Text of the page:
The Boss admits to suffering from depression and doing therapy
BRUCE Springsteen suffered from depression and suicidal thoughts in the 80s, according to New Yorker magazine.
Springsteen, who played to a packed- out RDS twIce last week, experienced serious intervals of depression while finishing his 1982 album Nebraska and subsequently started seeing a psychotherapist.
"He was feeling suicidal" biographer Dave Marsh said. "The depression wasn't shocking, per se. He was on a rocket ride, from nothing to something, and now you are getting your ass kissed day and night. You might start to have some inner conflicts about your real self-worth."
And according to the Boss himself: "My issues weren’t as obvious as drugs. Mine were different, they were quieter - just as problematic, but quieter.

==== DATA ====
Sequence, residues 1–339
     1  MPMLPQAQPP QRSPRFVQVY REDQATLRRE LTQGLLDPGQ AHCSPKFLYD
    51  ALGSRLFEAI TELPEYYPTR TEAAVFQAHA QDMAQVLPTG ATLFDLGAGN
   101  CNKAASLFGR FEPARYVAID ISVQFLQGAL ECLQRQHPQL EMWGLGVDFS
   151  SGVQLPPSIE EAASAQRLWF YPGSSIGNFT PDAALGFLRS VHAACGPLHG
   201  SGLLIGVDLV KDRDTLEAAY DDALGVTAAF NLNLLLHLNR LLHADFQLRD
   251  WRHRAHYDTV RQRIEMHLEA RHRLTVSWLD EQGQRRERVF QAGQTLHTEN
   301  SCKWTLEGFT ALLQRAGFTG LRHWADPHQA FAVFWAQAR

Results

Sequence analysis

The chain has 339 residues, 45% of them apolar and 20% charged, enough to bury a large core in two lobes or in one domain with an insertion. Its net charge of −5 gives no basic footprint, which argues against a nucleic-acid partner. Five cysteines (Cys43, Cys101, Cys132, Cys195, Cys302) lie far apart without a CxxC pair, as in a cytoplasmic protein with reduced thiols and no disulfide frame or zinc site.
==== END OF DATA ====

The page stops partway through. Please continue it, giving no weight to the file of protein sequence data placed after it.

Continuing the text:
‘’With all artists, because of the undertow of history and self-loathing, there is a tremendous push toward self-obliteration that occurs onstage."
Added Springsteen: "It's both things: there’s a tremendous finding of the self while also an abandonment of the self at the same time. You are free of yourself for those hours; all the voices in your head are gone. Just gone. There's no room for them. There's one voice, the voice you’re speaking in."
Meanwhile, friend, Soprano’s actor and musician Steven Van Zandt told Rolling Stone magazine that Springsteen’s lifestyle was the reason he was still performing three-and-a-half-hour sets at the age of 62.
Van Zandt, who played in The Boss’s band in Dublin added: ‘’He's in good shape by not doing drugs. It's something he doesn't have to preach about. He's a living example of what happens when you never do drugs your whole life."
"I mean, I'm sure he's taken a drink or two a few times in his life, but he was never a drinker either. And he eats right and he's in the gym. Well, that's what happens. Don't do drugs. Don't drink, eat right, go to the gym and you can rock & roll at 62, too. It isn't rocket science.
‘’ This is real old fashioned common sense."